Oil Futures Choppy Ahead of OPEC+ Compliance Meeting

Liubov Georges
By  Liubov Georges , DTN Energy Reporter

WASHINGTON (DTN) -- Nearby delivery month oil futures on the New York Mercantile Exchange and Brent crude on the Intercontinental Exchange moved mixed in overnight trade following Wednesday's rally and ahead of a compliance meeting among members of the Organization of the Petroleum Exporting Countries and Russia-led allies scheduled for Thursday afternoon when the producer group is expected to extend the timeline for members who produced above quotas set in a joint supply agreement until November to catch up.

Following a two-day rally, October West Texas Intermediate futures traded flat at $40.15 barrel (bbl) and the Brent contract for November delivery traded above $42 bbl at $42.30 bbl. Both crude benchmarks are on track for better than 5% gains this week. NYMEX October ULSD futures moved 1.45 cents higher to $1.1308 gallon and the front-month RBOB contract traded near $1.1940 gallon for a modest gain following Wednesday's more than 5 cents advance.

Thursday's OPEC+ meeting, known as the Joint Ministerial Monitoring Committee, is unlikely to recommend any changes to their current agreement cutting 7.7 million barrels per day (bpd) of crude production. Saudi Arabia and Russia have not signaled that they are prepared to cut deeper to support the prices. The committee is, however, expected to allow Iraq and other members who produced above their targets in June and July another two months to meet their quota. Wire services report the Iraqi government was mulling the idea of quitting the agreement in January 2021 under pressure from falling oil revenues.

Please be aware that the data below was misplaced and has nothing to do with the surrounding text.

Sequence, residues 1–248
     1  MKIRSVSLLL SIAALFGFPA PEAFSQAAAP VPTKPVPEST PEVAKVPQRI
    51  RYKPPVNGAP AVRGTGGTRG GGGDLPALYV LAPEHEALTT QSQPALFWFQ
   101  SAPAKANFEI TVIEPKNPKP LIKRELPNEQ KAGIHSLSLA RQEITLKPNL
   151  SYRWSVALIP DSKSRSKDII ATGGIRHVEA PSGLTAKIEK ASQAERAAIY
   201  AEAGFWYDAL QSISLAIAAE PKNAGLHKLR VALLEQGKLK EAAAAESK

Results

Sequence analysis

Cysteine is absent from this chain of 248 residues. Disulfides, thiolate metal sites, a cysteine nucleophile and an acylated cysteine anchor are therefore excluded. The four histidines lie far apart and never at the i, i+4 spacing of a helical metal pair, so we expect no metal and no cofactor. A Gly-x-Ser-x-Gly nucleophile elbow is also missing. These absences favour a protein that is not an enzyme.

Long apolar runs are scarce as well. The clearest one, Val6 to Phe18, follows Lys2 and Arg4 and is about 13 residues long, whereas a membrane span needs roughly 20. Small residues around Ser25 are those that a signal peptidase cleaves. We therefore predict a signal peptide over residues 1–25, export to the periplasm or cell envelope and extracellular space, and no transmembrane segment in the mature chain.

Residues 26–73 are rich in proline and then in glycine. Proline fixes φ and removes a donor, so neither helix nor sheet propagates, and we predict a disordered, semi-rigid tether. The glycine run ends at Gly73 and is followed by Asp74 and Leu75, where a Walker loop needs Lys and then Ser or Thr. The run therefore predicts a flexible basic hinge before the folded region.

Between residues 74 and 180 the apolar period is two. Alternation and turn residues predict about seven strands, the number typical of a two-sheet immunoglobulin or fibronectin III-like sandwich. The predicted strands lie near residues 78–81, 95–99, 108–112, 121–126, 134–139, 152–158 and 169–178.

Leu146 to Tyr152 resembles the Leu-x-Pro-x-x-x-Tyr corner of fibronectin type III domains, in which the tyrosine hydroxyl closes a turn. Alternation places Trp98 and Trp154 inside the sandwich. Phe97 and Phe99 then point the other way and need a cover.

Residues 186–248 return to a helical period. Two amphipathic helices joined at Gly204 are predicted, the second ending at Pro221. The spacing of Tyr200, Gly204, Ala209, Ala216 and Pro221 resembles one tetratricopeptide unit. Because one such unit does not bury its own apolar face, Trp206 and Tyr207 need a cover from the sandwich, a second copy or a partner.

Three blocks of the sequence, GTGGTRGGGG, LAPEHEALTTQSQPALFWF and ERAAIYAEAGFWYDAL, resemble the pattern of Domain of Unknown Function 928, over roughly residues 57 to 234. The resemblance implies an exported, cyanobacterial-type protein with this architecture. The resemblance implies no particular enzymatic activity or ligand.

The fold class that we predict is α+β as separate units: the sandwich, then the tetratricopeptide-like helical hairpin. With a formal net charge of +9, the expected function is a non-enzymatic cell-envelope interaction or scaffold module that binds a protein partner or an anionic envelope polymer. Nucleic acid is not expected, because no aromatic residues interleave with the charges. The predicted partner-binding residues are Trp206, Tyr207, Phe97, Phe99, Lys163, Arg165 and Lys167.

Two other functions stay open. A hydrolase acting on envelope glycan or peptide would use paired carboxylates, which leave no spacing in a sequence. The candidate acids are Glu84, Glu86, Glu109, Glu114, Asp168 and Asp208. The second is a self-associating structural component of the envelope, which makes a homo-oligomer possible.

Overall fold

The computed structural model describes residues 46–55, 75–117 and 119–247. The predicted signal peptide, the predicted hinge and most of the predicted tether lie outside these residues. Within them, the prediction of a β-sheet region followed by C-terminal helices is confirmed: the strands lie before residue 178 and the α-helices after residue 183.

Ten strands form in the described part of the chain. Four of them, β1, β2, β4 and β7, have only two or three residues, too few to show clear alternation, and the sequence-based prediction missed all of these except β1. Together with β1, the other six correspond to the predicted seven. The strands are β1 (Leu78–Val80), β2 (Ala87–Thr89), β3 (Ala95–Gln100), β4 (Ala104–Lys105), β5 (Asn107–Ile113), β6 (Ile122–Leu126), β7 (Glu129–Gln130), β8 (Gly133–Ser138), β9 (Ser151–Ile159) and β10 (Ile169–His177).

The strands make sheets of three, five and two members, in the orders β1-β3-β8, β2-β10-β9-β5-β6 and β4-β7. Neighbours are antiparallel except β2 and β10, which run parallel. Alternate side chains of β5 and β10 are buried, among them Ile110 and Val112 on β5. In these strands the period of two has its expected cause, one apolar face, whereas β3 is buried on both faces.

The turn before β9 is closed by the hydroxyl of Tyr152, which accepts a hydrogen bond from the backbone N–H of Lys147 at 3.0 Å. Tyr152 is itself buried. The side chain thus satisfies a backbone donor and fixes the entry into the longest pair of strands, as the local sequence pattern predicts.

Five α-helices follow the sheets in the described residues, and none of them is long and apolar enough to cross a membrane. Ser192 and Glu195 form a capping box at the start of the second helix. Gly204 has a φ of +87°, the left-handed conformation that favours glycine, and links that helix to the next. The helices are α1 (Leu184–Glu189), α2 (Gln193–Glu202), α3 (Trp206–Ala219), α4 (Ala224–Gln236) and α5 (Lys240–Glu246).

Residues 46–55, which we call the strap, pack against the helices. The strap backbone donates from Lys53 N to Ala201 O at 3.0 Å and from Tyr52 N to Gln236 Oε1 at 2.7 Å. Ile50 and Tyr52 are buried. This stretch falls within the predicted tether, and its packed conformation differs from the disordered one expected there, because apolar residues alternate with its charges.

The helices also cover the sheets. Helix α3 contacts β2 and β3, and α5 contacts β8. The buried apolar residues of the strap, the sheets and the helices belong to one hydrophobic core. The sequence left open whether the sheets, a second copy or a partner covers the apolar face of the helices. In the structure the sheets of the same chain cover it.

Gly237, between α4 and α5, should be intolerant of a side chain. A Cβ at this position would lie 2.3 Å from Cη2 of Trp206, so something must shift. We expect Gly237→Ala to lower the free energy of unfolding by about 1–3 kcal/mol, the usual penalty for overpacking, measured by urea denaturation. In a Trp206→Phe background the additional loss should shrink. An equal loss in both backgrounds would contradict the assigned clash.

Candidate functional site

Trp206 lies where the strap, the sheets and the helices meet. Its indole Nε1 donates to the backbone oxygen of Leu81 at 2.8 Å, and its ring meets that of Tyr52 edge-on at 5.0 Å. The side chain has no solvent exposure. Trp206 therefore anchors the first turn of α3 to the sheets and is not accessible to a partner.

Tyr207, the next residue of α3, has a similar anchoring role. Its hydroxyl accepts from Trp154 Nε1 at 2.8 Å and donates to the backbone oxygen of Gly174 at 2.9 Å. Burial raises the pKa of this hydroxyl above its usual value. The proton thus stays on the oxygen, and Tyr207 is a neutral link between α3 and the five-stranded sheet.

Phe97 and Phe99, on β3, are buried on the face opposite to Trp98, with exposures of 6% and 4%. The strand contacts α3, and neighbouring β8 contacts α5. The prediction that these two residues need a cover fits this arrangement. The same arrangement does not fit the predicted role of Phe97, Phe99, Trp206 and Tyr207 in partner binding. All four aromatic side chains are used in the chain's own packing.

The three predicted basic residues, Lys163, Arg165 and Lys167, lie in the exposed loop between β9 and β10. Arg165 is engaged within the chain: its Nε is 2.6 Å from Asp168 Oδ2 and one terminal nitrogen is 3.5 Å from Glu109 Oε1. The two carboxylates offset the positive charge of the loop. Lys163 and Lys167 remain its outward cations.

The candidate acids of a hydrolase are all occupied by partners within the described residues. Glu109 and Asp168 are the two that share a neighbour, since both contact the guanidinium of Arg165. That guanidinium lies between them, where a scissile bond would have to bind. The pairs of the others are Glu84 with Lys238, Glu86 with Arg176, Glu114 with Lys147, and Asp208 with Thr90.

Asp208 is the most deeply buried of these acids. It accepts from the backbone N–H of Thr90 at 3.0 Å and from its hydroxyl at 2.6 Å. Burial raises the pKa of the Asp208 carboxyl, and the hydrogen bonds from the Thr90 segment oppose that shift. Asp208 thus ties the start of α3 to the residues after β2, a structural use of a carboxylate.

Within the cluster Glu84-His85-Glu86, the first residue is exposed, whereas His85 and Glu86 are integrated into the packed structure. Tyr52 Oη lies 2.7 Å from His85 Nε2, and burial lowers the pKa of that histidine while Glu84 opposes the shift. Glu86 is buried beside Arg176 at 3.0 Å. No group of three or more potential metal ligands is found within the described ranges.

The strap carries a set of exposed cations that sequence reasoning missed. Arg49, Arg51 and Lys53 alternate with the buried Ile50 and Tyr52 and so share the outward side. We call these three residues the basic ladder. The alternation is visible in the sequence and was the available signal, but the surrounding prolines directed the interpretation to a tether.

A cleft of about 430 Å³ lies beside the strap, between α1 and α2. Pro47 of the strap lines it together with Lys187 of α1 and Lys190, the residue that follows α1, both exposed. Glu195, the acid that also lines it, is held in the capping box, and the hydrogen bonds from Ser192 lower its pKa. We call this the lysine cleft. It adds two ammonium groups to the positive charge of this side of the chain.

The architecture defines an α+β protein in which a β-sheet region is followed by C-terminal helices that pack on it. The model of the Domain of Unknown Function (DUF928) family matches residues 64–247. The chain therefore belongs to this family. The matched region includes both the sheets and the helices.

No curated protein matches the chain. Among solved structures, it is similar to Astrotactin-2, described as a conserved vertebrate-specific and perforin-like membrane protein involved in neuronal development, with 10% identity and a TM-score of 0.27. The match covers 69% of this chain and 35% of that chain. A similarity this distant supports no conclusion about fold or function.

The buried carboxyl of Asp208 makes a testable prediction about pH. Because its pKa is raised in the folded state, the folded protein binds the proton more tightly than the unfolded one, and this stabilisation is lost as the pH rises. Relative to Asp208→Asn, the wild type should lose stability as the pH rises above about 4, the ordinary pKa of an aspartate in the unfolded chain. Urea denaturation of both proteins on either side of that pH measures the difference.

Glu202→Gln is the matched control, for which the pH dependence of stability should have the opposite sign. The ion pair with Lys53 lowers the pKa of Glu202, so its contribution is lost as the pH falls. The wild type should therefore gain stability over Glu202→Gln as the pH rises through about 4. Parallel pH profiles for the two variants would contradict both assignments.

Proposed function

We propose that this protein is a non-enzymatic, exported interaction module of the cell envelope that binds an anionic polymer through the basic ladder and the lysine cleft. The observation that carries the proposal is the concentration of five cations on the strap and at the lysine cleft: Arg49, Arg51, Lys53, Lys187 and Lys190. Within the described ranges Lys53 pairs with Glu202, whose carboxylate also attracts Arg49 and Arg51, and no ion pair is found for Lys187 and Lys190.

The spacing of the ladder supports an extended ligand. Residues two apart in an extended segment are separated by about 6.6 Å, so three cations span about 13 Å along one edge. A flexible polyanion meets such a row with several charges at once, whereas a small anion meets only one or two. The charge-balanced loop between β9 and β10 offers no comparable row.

U.S. commercial crude oil stocks fell in the most recent week to a fresh five-month low 496 million bbl during the week ended Sept. 11, according to the data published by the Energy Information Administration. After declining for the seventh time in the last eight weeks, stockpiles are still about 14% above the five-year average level.

Demand for gasoline continued to struggle through the second week of September, edging slightly higher off a summer low 8.390 million bpd at 8.478 million bpd. Demand for distillate fuels plummeted 904,000 bpd to just 2.809 million bpd while stockpiles increased 3.5 million bbl to 179.3 million bbl, about 22% above the five-year average.

The Federal Reserve Open Market Committee on Wednesday upgraded their projection for an economic recovery this year, expecting U.S. gross domestic product to contract at 3.7% compared with the previous forecast of 6.5% and unemployment of 7.6% at the year's end. The previous forecast called for the unemployment rate to remain just below 10% this year at 9.3%. For 2021 and 2022, the central bank expects economic growth to accelerate to 5% and 3.5%, respectively. The central bank's announcement followed the release of the latest data on U.S. industrial production and retail sales, which rose less than expected last month.

Markets also wait for the release of U.S. unemployment figures for the week ended Sept. 12, with consensus calling for jobless claims to fall below 1 million level, at 850,000, in line with trend over the prior two weeks.

Liubov Georges can be reached at liubov.georges@dtn.com

Liubov Georges